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  1. The name of the game

    Monday, 31 May 2010

    Ever had a puzzle that you just couldn't figure out? I've had a few of them in my time. I used to have a Rubik's cube, but I got so fed up of the damn thing that I ended up putting it in a shoebox for Operation Christmas Child. We also used to own a puzzle that was actually a birthday present for my brother one year - it was a plastic box that had 3-D Tetris style pieces. The idea was to take the pieces out of the box, and then put them back in again. Most annoying puzzle ever. I think I couldn't have been any older than ten or eleven when this puzzle arrived in our house. I'm twenty-five now, and no-one in my family has ever managed to solve this thing. 

    Puzzles can be immensely frustrating, so it's completely understandable that sometimes people need help or clues to help them get through the difficult bits. Which is why I'm a huge advocate of testing. 

    The whole management of blood sugar is a huge puzzle - to get it to play fair, you've got to track it and learn to spot trends. Which is why I can't wrap my head around people who say you can test 'too much', or that testing more than four times a day makes you 'obsessive'. 

    I don't see it that way. We're all in the same game here, which is trying to manage this thing the best we can. How are you supposed to spot the clues to help you do that if you don't test? Personally I test at least seven times a day - before each meal, two hours after, and before bed. It quite frequently ends up being more than that. I would never just 'guess' at what my levels were, because I'm a human being, and I'm more likely than not to get it wrong. If I were to try and guess too often, and it turned out I was guessing wrong, what sort of damage could I be doing to myself? 

    No-one likes testing. I mean, come on - it does hurt, and there's no getting round that. It's not like we do these things for fun. So why are people testing more than four times a day doing it? Well, I can't speak for everyone else, but for me, it's so that I can feel that it's me in the driving seat, rather than diabetes. I don't want to leave these things down to chance. I carb count, so I need to test before and after, so I can check I've got the count right. I would also never not check before bed, because I need to make sure that I'm about 5mmol/l (90 mg/dl), otherwise I need to have a snack.

    Aside from this, I add on any time I feel hypo or hyper, before I exercise, before I go out with Andrew on the back of the motorbike, if I'm not feeling well. I've also taken to testing at 15:00 when I'm at the office, as I tend to slump around then, and I want to make sure that I have a snack if it's appropriate.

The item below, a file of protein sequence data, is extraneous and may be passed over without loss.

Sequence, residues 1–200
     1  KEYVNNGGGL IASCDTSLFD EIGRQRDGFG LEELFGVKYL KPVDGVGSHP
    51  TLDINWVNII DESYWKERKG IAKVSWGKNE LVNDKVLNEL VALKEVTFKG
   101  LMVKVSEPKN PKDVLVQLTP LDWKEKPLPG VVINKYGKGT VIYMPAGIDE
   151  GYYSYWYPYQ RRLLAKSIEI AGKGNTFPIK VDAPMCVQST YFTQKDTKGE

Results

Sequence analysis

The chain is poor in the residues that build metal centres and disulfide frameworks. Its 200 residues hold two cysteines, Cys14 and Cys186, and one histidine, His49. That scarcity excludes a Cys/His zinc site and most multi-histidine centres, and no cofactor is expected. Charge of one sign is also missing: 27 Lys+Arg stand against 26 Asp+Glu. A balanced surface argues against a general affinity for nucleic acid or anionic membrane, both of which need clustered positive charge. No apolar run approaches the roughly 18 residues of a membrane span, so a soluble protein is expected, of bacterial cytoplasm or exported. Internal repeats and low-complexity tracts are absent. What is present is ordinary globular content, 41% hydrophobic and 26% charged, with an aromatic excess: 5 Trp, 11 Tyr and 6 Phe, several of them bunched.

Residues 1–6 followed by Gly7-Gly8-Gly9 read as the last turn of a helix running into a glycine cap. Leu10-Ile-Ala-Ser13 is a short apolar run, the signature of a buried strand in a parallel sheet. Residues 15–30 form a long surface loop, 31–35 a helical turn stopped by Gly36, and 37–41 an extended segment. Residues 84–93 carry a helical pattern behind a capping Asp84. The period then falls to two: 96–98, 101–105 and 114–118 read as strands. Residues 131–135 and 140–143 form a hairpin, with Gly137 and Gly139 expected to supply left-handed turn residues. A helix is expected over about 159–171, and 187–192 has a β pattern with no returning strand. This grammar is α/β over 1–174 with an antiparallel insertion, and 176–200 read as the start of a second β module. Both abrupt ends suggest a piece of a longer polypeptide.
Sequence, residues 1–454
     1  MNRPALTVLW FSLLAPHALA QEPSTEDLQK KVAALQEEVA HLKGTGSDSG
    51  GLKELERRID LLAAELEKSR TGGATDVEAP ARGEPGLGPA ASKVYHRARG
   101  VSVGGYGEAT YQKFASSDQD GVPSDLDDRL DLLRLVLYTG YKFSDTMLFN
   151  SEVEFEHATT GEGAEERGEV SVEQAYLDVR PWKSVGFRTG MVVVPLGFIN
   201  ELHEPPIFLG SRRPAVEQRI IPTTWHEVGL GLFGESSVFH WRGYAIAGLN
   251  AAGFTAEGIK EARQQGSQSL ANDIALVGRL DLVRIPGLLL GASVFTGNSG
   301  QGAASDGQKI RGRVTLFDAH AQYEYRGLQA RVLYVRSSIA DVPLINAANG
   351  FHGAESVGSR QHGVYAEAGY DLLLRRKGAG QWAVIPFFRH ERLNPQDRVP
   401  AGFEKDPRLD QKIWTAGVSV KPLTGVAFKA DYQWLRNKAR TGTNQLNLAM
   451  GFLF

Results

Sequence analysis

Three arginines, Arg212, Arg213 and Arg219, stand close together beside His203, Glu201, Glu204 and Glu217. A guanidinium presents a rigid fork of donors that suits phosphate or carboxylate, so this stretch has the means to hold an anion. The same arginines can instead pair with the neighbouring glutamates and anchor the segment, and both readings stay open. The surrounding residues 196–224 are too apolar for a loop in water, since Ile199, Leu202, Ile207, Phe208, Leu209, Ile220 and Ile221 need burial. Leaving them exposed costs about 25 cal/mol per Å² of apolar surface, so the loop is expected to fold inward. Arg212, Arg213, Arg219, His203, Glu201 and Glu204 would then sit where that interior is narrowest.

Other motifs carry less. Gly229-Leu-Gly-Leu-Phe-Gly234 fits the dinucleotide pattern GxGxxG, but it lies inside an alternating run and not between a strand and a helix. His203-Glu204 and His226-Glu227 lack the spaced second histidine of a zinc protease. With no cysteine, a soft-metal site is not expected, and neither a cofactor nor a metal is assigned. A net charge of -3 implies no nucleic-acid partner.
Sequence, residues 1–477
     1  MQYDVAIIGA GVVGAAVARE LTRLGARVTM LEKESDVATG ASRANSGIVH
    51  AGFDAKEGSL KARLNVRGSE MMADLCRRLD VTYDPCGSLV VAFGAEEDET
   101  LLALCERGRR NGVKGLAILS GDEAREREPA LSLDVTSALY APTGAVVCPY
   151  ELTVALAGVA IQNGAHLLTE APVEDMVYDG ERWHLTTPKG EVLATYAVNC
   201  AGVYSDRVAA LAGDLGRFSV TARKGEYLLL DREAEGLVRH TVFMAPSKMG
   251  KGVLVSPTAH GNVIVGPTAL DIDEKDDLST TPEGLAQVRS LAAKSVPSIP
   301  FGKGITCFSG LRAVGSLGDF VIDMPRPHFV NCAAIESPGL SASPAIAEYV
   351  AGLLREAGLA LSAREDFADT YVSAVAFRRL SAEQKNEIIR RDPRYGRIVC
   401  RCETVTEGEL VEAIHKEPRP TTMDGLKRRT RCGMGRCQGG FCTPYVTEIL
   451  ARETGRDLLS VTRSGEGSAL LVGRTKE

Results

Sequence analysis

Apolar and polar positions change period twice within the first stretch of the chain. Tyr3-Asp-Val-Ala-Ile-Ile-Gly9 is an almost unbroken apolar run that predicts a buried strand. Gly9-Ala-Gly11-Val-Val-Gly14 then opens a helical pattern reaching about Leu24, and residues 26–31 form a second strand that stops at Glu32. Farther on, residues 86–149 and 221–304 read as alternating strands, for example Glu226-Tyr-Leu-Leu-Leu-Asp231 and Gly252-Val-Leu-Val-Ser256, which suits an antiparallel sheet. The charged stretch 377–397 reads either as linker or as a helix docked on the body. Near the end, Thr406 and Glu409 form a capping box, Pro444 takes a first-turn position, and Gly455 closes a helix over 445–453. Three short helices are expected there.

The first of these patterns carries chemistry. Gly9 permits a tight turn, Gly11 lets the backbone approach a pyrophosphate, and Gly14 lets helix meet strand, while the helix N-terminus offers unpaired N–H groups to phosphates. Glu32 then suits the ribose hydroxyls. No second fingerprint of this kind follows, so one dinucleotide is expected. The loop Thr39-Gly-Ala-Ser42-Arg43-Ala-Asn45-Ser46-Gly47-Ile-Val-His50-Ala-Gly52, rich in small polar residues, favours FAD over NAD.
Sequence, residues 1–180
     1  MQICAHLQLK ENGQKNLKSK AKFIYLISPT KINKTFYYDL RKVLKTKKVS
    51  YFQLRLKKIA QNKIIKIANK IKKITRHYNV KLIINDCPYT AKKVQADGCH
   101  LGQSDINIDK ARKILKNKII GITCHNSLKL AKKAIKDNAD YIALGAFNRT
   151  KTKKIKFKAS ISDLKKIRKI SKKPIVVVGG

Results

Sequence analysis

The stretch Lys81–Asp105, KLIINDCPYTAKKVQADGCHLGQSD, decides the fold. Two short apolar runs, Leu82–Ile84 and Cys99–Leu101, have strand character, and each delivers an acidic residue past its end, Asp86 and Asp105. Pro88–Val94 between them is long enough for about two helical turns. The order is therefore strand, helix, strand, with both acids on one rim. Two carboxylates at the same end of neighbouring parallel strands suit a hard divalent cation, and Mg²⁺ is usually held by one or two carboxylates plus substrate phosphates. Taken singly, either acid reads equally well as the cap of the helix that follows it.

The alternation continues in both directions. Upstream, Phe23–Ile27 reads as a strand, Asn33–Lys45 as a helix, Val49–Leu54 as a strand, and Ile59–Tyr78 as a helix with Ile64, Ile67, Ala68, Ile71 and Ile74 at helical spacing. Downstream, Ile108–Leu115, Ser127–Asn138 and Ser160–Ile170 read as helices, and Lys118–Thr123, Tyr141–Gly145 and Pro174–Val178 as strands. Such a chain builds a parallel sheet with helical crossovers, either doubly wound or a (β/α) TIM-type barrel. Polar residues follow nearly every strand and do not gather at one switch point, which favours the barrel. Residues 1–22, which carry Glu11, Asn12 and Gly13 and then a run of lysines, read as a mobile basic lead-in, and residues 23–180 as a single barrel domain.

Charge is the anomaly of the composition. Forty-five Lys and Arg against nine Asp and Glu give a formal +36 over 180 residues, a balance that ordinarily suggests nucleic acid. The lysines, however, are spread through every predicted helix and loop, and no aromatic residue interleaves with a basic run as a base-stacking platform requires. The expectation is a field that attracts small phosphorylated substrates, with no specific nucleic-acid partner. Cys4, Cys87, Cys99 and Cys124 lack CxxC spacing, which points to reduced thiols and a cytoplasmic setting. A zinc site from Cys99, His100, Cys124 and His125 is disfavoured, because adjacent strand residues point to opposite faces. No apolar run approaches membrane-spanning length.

Of course, there's only a point in testing if you know what the numbers mean, and know what to do with them. Otherwise, your meter might as well sing Baa Baa, Black Sheep to you. But if you know what the deal is? Well then I firmly believe that then you should have the ability and necessary supplies to test as much as you need to. 

    Would I call that obsessive? Nope, not a chance. I don't think it's obsessive, when it's under the provisos that I've just mentioned. It's proactive. I thoroughly believe that I'm being proactive in looking after my health and my future. We're in a social climate now where we're all being encouraged to take control of our own health and well-being. So when you've got maintaining the best blood sugar management that you're able to, added into the mix, then surely that's just following advice generally given to everyone? After all, it's not easy, and sometimes we all need a few extra clues.

  2. 1 comments:

    1. Louie said...

      Hi Becky!
      I think exactly the same way you do about testing. Maybe because I'm still relatively new to diabetes (or at least, to rapid insulin), so I am still trying to learn which foods are good and which ones are bad for me, and if I don't test, how would I know? Also, how would I prevent unexpected hypos that happen from time to time?

      At the end of the day, it's what makes you feel you're doing right that counts.
      Manu

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